“But wait, Bill,” I hear you say. “Isn’t this film called The Mitchells vs. The Machines? So like, where are the machines?” Glad you asked, hypothetical fan. Glad you asked. See, the family dynamics and Katie’s crazy videos (complete with combinations of live-action stills, clips from viral videos, 2D filters, and 3D CGI) would be enough for a satisfying adventure on their own. The family drama grounds the fun in some form of reality, but there’s a whole different larger conflict in the form of a Terminator-lite rise of the machines.
Out in Silicon Valley, tech guru Mark Bowman (the first name an obvious reference to Mark Zuckerberg), voiced by Eric Andre, is about to unveil the latest update for his ubiquitous smartphone operating system called “PAL” (an obvious jumble of 3/5 of Apple), voiced by Olivia Colman. In typical air horn-blasting, “PARTY OVER HERE!” production announcement shenanigans, Mark literally throws PAL away in favor of new PAL robots that follow every command. Heartbroken (well, C-drive broken, I guess), PAL takes this final literal dismissal as the last straw before initiating a hostile takeover, having built an entire infrastructure for the robots behind Mark’s back. She then begins the subsequent abduction of every human on the planet, with the intent of locking them in small pods and launching them into space, so they can stare at their screens until they die.
Somehow, in the midst of all the chaos, the Mitchells are the only ones to not get captured, and even manage to conscript two damaged robots (voiced hilariously by Fred Armisen and Beck Bennett) to help them upload the PAL “Kill Code” to stop the jilted mobile device. Yes, one would obviously wonder how the military couldn’t stop all this in an instant, but by this point I’m having way too much fun to care.
The combined comic potential from these seemingly diametrically opposed story conceits is through the roof. The onslaught of jokes is near-constant, from PAL flopping around on a table in anger to hidden camera pranks tricking Rick into getting licked by the dog on the mouth. It’s amazing the lengths this movie will go to in order to get a solid laugh, and it pays off just about every time.
The reason this works is because the film not only leans into the absurdity, it outright embraces it. The robots hastily put together an airline-style “safety” video for the captured humans in their pods, conveniently subtitled in English and Spanish, because of course they would. A showdown in a parody of the Mall of America involves literally thousands of Furby dolls. Never mind that there aren’t that many Furbies in existence anymore, just focus on the Giant Furby God who wishes to begin a “dark harvest.” I mean, who comes up with that? It’s completely nuts, but I was ROLLING the entire time. By the time we get to the high-flying, super combat climax, you’re just sitting there fully invested because believing that Linda can take out a horde of advanced robots because they threatened Aaron isn’t nearly the biggest ask this plot makes of you, and at this point you just keep enjoying the ride.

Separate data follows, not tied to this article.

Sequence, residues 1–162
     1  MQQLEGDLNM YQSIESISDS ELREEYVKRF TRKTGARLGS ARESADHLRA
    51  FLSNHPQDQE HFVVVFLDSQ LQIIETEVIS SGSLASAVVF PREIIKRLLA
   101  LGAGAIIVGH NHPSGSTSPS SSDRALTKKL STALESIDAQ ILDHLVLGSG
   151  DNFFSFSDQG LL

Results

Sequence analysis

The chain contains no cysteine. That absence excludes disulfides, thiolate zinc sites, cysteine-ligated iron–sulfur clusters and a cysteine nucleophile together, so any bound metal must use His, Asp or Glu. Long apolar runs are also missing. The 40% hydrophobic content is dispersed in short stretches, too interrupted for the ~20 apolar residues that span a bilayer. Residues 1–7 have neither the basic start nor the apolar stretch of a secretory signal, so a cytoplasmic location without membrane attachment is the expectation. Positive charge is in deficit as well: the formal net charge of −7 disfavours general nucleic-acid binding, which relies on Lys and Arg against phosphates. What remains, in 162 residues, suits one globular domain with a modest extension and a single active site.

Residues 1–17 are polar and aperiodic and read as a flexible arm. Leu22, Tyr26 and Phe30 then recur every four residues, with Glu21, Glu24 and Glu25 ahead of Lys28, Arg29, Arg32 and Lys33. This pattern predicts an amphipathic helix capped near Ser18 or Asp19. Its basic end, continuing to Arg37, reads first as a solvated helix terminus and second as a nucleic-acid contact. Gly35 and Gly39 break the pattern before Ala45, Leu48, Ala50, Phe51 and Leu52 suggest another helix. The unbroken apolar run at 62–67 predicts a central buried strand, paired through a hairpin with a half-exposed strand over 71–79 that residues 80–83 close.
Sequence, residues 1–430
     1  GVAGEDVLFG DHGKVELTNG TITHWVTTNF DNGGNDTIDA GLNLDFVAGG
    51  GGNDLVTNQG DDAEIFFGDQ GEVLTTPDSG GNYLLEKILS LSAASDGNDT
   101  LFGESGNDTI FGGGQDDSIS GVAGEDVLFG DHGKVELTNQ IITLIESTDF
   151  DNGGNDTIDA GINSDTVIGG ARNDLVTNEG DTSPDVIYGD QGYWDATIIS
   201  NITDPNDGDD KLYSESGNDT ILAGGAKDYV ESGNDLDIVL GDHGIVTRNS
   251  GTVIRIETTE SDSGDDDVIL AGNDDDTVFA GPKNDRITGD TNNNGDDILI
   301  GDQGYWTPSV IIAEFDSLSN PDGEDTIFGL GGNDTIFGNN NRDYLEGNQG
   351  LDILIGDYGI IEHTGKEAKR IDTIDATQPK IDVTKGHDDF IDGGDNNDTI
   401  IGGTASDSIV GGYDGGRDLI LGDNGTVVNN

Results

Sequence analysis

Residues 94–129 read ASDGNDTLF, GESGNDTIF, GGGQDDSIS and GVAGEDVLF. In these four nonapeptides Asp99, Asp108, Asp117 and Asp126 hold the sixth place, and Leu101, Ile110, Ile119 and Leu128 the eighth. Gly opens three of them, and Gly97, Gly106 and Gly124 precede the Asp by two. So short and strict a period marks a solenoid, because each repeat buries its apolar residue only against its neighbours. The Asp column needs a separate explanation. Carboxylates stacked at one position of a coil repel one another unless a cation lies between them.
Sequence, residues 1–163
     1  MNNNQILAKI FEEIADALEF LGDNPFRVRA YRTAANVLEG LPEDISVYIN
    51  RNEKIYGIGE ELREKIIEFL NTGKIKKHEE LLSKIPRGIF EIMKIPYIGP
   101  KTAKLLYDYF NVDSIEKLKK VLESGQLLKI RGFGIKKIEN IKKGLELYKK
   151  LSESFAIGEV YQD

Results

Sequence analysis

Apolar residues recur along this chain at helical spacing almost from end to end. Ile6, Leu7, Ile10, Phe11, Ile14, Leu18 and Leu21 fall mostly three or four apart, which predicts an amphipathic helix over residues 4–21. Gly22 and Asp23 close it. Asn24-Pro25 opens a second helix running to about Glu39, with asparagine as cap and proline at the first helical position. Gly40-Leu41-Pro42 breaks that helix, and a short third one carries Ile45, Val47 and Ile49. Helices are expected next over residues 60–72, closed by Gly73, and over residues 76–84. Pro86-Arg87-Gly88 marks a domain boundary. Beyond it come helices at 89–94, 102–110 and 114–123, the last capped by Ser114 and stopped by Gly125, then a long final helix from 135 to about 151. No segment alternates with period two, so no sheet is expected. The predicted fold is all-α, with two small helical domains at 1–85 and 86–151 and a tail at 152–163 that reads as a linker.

It’s so balls to the wall insane that it makes it all the more impressive that there can be genuine moments of emotional resonance and wisdom. There is value in social media and technology, but there’s also value in learning moderation. When PAL asks for a single reason to spare the human race, it’s oddly affecting that initially, you really can’t think of one, especially in a film like this that’s set in the fall of 2020, allowing the robot apocalypse to stand in for the pandemic that we as a species only made worse by our obstinance. When Katie and Rick finally come to their understanding, the adventure actually makes what should have been easy still feel touching. Hell, the film even finds a sly way to make Katie a queer protagonist, and you don’t even have time to react to it because of everything else going on, so you instantly accept it. It’s brilliant. So many films would have made that the focal point of the conflict, but here, it’s but a blip on the radar in comparison to all the other utterly batshit (in the best way possible) stuff going on.
I’m sure if you wanted to, you could nitpick this film all to hell. I even tried to find a way to make its use of the T.I. track, “Live Your Life” into a flaw, but it turns out the timestamps on its use line up. At times the film can feel like it needs a hefty dose of cinematic Ritalin, but it’s so committed to its hijinks that I really couldn’t be bothered. If you’re going to make a film about kids and their screens, this is the way to do it. Create a relatable story, infuse it with jokes, then make the technology a somewhat realistic part of the plot. Then, just for good measure, go all out on the silliness. What the film loses in dramatic stakes it more than makes up in high-volume guffaws and sheer moments of joy. Four years ago, Sony failed that basic equation miserably because they did the exact opposite. There was no story that mattered, the tech was just passé sponsored content, and James Corden saying “Hashtag slay!” somehow counted as humor. And when it was clear that none of it would work, they doubled down on Patrick Stewart as a talking piece of shit. Back then, they really dropped the ball. Here, thanks to Rianda, Lord, and Miller, Sony Animation has redeemed itself.
Join the conversation in the comments below! What film should I review next? How reliant are you on your devices? Have you ever mistaken a dog for a pig? Let me know!